Community service for nurses ‘€“ easier said than done

Community service for nurses ‘€“ easier said than doneJanuary 2005 is the target date for the introduction of community service for nurses - but there is still much to be done for the Department of Health to meet its deadline and accommodate the more than 1 000 newly qualified nurses who are due to enter the health system next year.

January 2005 is the target date for the introduction of community service
for nurses – but there is still much to be done for the Department of Health
to meet its deadline and accommodate the more than 1 000 newly qualified
nurses who are due to enter the health system next year.

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January 2005 will be a nerve-wracking month for hundreds of newly-qualified professional nurses who will be waiting to be told where they will serve a year’€™s community service.

But it will be an even bigger logistical nightmare for the Department of Health with just five months to ensure the latest programme of compulsory community service kicks off smoothly at the beginning of next year.

In July, Minister of Health Manto Tshabalala-Msimang announced ahead of her budget speech in Parliament the introduction of community service for nurses.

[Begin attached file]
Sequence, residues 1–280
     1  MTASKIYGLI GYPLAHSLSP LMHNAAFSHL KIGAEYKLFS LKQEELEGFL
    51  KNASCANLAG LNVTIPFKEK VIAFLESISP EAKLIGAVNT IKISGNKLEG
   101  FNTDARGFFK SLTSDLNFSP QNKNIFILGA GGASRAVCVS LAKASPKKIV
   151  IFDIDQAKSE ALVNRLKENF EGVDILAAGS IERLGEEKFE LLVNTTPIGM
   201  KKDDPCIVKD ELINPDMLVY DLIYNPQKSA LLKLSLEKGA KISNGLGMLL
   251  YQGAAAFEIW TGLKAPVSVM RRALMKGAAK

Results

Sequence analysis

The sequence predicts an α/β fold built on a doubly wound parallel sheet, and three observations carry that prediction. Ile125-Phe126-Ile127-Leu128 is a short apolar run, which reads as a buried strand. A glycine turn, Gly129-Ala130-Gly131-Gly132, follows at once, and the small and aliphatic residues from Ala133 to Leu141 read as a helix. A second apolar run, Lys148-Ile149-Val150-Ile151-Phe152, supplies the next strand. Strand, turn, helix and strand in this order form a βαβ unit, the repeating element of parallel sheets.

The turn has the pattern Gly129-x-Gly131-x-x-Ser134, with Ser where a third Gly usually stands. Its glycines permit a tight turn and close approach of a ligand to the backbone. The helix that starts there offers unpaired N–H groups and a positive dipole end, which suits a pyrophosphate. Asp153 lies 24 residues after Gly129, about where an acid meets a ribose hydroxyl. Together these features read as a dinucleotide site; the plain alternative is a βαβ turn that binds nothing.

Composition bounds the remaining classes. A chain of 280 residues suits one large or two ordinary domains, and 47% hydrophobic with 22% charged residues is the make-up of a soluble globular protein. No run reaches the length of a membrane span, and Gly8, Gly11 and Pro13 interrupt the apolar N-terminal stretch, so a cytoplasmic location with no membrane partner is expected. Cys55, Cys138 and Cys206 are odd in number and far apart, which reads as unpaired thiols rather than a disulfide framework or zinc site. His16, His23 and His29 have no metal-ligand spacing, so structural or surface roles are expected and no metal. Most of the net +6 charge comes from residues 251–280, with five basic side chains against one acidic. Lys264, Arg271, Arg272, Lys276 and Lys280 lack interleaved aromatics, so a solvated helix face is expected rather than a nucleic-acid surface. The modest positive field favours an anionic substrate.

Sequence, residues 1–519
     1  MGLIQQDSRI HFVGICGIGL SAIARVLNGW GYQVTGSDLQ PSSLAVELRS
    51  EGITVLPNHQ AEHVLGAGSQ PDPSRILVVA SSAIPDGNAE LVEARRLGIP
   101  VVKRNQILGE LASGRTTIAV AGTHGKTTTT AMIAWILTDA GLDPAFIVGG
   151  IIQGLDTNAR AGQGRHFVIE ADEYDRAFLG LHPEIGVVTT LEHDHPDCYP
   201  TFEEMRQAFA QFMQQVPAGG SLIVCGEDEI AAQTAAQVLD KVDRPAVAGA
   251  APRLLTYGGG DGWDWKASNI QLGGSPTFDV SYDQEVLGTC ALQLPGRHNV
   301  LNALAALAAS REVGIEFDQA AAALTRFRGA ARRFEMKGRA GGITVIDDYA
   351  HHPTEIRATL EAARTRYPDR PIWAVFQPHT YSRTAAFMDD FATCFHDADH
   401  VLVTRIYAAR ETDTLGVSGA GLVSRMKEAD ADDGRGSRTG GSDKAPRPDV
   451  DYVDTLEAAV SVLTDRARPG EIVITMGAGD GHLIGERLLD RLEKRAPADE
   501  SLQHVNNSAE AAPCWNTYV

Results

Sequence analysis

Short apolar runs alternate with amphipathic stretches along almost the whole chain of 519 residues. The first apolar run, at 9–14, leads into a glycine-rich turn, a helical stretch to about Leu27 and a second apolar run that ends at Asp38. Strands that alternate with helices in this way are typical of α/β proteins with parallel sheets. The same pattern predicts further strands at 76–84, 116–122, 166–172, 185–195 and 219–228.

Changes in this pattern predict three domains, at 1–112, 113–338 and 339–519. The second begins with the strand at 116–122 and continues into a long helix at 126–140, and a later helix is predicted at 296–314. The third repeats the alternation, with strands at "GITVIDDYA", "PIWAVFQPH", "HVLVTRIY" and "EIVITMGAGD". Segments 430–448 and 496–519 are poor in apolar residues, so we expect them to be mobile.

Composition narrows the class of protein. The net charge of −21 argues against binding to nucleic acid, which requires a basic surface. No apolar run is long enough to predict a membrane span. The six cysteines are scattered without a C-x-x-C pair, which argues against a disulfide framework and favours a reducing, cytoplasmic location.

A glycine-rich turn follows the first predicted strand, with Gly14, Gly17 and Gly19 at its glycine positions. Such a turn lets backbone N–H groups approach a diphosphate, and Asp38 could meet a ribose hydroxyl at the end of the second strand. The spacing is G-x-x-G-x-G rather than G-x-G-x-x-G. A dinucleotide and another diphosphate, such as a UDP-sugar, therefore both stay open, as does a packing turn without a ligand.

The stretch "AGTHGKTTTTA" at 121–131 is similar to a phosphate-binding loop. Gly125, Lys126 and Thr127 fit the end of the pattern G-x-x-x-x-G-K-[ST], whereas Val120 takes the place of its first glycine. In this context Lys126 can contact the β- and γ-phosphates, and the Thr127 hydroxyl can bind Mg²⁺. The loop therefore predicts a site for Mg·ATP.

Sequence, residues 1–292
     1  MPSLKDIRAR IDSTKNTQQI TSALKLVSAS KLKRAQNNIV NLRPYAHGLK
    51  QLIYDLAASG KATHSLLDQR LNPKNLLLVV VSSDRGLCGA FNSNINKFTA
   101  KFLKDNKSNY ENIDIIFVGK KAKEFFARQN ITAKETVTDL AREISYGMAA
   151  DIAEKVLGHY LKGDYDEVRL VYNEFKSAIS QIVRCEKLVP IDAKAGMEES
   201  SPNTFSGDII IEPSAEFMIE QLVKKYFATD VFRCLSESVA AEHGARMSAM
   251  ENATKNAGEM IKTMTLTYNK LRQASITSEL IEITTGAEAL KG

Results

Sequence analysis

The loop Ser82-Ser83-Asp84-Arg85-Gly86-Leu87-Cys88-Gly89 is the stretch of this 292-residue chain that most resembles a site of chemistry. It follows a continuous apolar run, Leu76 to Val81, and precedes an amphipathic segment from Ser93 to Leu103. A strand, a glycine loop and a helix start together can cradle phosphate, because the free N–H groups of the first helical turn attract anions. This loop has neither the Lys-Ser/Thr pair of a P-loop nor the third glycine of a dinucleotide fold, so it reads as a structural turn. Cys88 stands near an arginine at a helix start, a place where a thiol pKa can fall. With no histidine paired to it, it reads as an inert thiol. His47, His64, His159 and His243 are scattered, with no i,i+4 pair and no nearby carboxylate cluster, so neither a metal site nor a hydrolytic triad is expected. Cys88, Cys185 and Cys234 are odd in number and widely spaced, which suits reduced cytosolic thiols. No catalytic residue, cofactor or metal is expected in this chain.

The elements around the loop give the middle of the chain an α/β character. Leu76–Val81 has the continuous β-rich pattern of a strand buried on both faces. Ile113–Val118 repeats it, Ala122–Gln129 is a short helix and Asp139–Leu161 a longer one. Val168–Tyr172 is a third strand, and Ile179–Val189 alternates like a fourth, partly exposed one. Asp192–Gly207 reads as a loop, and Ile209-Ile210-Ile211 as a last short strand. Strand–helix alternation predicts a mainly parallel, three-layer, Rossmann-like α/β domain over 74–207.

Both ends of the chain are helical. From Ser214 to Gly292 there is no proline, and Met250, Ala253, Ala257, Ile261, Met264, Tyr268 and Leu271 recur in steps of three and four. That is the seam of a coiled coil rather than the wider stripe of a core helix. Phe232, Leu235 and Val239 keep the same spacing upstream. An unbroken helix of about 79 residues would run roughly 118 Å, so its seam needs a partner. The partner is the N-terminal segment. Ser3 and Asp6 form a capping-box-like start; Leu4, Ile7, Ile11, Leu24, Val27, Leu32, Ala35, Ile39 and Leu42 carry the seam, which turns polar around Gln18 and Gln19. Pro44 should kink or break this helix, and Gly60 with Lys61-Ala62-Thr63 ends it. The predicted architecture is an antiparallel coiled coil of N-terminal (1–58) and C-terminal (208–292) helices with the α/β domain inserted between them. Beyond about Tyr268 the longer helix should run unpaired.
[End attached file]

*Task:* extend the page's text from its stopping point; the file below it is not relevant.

Community service has been an inevitable part of most health professionals’€™ lives in this country since it began in 1998. Last year, physiotherapists, occupational and speech therapists, clinical psychologists and dieticians were among the professional groups added to the list.

Deputy Director of academic health services Phumelele Zulu admits that despite some concerns about the feasibility of starting community service as early as January 2005, the department will be working towards that target.

While there is general agreement that there is a need for community service, there is also skepticism over the health department’€™s timing and the way this has been handled.

‘€œOur position is that [community service] is not a bad thing per se. But we differ in the manner in which they are doing it,’€ said Thembeka Gwagwa, director of the Democratic Nursing Organisation of SA (Denosa).

Firstly, there is currently no legal provision to implement community service for nurses: ‘€œThe Nursing Act does not make provision for nurses to be in limbo before they are registered. You can either be a student or a nurse,’€ Nelouise Geyer, deputy-director at DENOSA, said.

The proposed legislation that makes provision for community service ‘€“ the Nursing Bill ‘€“ has yet to be passed by Parliament.

But in a briefing before her budget speech earlier this year, Health Minister Manto Tshabalala-Msimang pointed out that ‘€œthere is an alternative, interim route if the Nursing Bill is not passed in time. And that would be to pass a small amendment to the existing law.’€

Once this has been done, the real work will begin. According to Zulu, provinces will then be required to submit a list of posts as well as the facilities where they want these nurses to be placed. These institutions will then be gazetted.

According to Zulu, this process is usually done as early as February or March the previous year so that application forms would be sent out to community service health-care professionals in March or April.

Applicants can then make five choices from the list of gazetted facilities.

But this has not happened yet with nurses about to embark on community service. Whether this would all happen before 2005, is what Denosa wants to find out, Geyer said.